Pediatric Ovarian Torsion

  • Etiology: twisting of ovary causing decreased arterial flow (but ovary has dual blood supply from ovarian + uterine arteries)
  • US: enlarged ovary with multiple peripheral cysts, can see arterial flow to torsed ovary in ovarian torsion
  • Clinical: large ovarian cysts / tumors are predisposing factor for torsion

Radiology Cases of Ovarian Torsion

MRI of ovarian torsion
T1 coronal (left) and T1 sagittal (right) and T2 axial (below) MRI images show a heterogeneous intraperitoneal mass that appears to have hemorrhagic and calcified components. In the operating room this mass was found to be torsed.
US and CT of ovarian dysgerminoma with torsion
Transverse and sagittal US of the pelvis (above) shows an echogenic and inhomgenous solid mass superior to the bladder. Neither ovary could be visualized. Axial CT with contrast of the abdomen shows a solid non-enhancing midline mass.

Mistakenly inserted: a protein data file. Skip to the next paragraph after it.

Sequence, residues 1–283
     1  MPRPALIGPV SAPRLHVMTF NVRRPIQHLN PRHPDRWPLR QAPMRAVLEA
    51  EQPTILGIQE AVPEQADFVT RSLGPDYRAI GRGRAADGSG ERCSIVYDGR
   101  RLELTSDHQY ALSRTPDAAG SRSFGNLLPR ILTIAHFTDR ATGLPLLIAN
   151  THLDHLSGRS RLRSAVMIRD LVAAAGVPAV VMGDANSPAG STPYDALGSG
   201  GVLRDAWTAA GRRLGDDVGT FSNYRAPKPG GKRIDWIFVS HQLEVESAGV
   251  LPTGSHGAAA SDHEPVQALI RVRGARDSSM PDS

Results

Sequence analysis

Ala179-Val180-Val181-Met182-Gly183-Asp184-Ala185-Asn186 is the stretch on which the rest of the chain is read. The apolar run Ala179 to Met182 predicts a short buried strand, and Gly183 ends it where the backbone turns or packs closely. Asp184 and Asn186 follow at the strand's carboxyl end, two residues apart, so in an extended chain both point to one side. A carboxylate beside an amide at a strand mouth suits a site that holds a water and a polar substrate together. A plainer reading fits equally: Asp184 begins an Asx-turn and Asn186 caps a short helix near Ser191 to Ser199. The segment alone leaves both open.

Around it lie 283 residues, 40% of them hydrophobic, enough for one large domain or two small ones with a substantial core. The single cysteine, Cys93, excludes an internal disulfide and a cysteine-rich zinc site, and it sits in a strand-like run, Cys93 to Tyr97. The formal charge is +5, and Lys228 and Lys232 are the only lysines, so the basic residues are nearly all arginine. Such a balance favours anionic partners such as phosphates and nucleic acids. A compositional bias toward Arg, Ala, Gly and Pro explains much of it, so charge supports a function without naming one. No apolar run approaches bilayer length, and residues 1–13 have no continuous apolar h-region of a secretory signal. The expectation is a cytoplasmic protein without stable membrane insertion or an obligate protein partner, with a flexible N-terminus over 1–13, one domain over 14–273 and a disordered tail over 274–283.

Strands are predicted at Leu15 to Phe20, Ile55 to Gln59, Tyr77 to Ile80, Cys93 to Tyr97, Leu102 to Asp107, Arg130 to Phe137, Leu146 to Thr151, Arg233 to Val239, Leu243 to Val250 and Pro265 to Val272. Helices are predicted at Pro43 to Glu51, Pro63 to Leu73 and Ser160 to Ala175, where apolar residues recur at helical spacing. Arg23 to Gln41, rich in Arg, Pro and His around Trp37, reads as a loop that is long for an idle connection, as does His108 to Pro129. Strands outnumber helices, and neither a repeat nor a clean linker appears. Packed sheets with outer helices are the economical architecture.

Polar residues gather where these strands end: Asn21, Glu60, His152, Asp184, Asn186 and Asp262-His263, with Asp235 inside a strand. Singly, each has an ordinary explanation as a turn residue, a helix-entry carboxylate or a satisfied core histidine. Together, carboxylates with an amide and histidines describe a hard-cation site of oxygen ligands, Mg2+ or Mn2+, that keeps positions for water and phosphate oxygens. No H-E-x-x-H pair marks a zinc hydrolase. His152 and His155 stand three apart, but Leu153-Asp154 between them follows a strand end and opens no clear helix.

Surgery Cases of Ovarian Torsion

Surgical image of ovarian torsion
Surgical image shows a large circular and soft mass that was adherent to, but not invading, the hepatic flexure, omentum, and distal ileum and which was no longer connected to any pelvic structures. There was no ovarian tissue in the right adnexa. The left ovary was normal.
Surgical image of ovarian dysgerminoma causing ovarian torsion
Surgical image (above) shows a mass arising from the left ovary. Surgical image (below) shows the left adnexal pedicle to be twisted in the center of the image. The mass and the left ovary and the fallopian tube were found to be torsed.